Some 30,000 people were quarantined in the Chinese city of Yumen last week after a man was found to have died bubonic plague. Authorities are concerned that he may have come into contact with others and have potentially spread the highly fatal disease. Meanwhile, the ebola outbreak in West Africa continues to spread, having already killed more than 600 people in Sierra Leone, Liberia, Guinea, and most recently in Nigeria. And closer to home, in California, a homeless man who carries a drug-resistant from of tuberculosis is being sought by authorities who want to prevent the disease from being spread.
Preventing the spread of communicable diseases has become increasingly challenging as the international system becomes closer entwined through faster international travel and greater international trade. Globalization facilitates the movement of people and goods, but also of disease. But preventing the spread of diseases globally can be a dramatic challenge, as the massive effort to prevent the spread of SARS in 2002 and 2003 highlighted.
What do you think? How can we work to prevent the spread of deadly diseases like ebola and the plague in the context of globalization? Did the Chinese authorities respond appropriately? Why?
A polio vaccination clinic in Pakistan.
The World Health Organization (WHO) yesterday warned that the increasing number of cases of polio in Nigeria, Syria, and especially Pakistan, threatened to undermine three decades of effort to eradicate the disease. Polio, which causes paralysis, muscle atrophy, and even death, was one of the most feared diseases of the 19th and 20th centuries. But the discovery of a vaccine against polio in the 1950s, combined with a massive global effort to vaccinate the world’s population against the disease, reduced the scope of the disease from hundreds of thousands to under 1,000 today. Efforts by the Word Health Organization and various nongovernmental organizations had the world on the verge of eradicating the disease altogether. But a recent upsurge in the number of cases—and the difficulty in vaccinating some populations—has WHO concerned once again.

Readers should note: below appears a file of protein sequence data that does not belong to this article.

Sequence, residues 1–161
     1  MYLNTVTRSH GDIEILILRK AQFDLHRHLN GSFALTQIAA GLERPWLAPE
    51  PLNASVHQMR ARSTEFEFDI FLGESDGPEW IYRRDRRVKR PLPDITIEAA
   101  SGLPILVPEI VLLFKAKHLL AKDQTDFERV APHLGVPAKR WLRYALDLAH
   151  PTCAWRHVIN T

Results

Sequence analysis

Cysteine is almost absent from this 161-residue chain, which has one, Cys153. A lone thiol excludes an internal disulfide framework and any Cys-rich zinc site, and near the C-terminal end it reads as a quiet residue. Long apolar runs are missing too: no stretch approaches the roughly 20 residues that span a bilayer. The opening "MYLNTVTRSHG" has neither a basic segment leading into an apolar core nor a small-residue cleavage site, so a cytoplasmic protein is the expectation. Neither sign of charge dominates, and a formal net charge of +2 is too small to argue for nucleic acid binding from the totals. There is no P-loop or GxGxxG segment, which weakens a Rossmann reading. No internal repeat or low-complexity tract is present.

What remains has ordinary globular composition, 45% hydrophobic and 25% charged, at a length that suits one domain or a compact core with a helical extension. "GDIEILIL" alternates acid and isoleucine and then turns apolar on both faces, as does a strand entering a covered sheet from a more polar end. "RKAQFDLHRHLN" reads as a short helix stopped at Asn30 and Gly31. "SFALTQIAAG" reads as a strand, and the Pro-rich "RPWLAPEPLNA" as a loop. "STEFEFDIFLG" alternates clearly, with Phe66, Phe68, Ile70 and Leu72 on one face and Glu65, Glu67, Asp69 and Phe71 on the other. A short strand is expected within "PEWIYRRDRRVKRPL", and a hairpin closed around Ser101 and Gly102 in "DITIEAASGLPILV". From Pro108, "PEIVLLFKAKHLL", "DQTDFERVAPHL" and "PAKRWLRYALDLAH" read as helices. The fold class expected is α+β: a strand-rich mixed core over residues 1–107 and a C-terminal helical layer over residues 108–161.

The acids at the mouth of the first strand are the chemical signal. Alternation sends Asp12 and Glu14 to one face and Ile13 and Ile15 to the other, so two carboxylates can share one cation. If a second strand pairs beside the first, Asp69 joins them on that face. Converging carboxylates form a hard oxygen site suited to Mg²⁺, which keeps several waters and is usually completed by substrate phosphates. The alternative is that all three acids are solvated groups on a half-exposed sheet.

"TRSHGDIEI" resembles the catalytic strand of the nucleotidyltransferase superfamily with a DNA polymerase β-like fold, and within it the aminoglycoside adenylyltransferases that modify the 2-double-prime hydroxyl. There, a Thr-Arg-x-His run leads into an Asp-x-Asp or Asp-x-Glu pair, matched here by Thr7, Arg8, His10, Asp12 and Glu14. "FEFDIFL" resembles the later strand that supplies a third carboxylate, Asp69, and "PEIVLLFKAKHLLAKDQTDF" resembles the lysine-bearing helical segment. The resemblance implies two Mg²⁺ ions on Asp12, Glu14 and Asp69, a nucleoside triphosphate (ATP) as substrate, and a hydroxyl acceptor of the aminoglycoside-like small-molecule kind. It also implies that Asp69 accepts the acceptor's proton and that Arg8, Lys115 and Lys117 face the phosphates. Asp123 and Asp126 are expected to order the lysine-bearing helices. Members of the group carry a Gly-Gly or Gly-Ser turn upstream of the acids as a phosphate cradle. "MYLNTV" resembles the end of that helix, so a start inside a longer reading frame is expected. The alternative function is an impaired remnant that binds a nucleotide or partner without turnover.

The biggest concerns center on Afghanistan, Pakistan, and Syria. In Syria, the ability of WHO to address a polio outbreak in the contested region of Deir Ez Zour was undermined by ongoing fighting in the country’s civil war and complicated by the massive dislocation of people caused by the conflict. In Pakistan, attacks against polio workers, often painted by militants as western spies, undermined the ability of WHO to vaccinate children, especially in the northern parts of the country.
To prevent the spread of the disease outside the country, the World Health Organization has established mandatory immunization checkpoints at Pakistan’s border crossings and airports. Anyone wishing to leave the country will have to provide proof of immunization or be immunized before leaving the country. Similar measures were also put in place in Cameroon and Syria, which are also believed to pose a risk of spreading polio.
What do you think? Can polio still be eradicated by the 2018 goal established in 2013? Why does the number of cases of polio appear to be increasing? How does the spread of polio highlight the complex nature of humanitarian crises in the contemporary era? And what might be done to prevent the disease’s spread?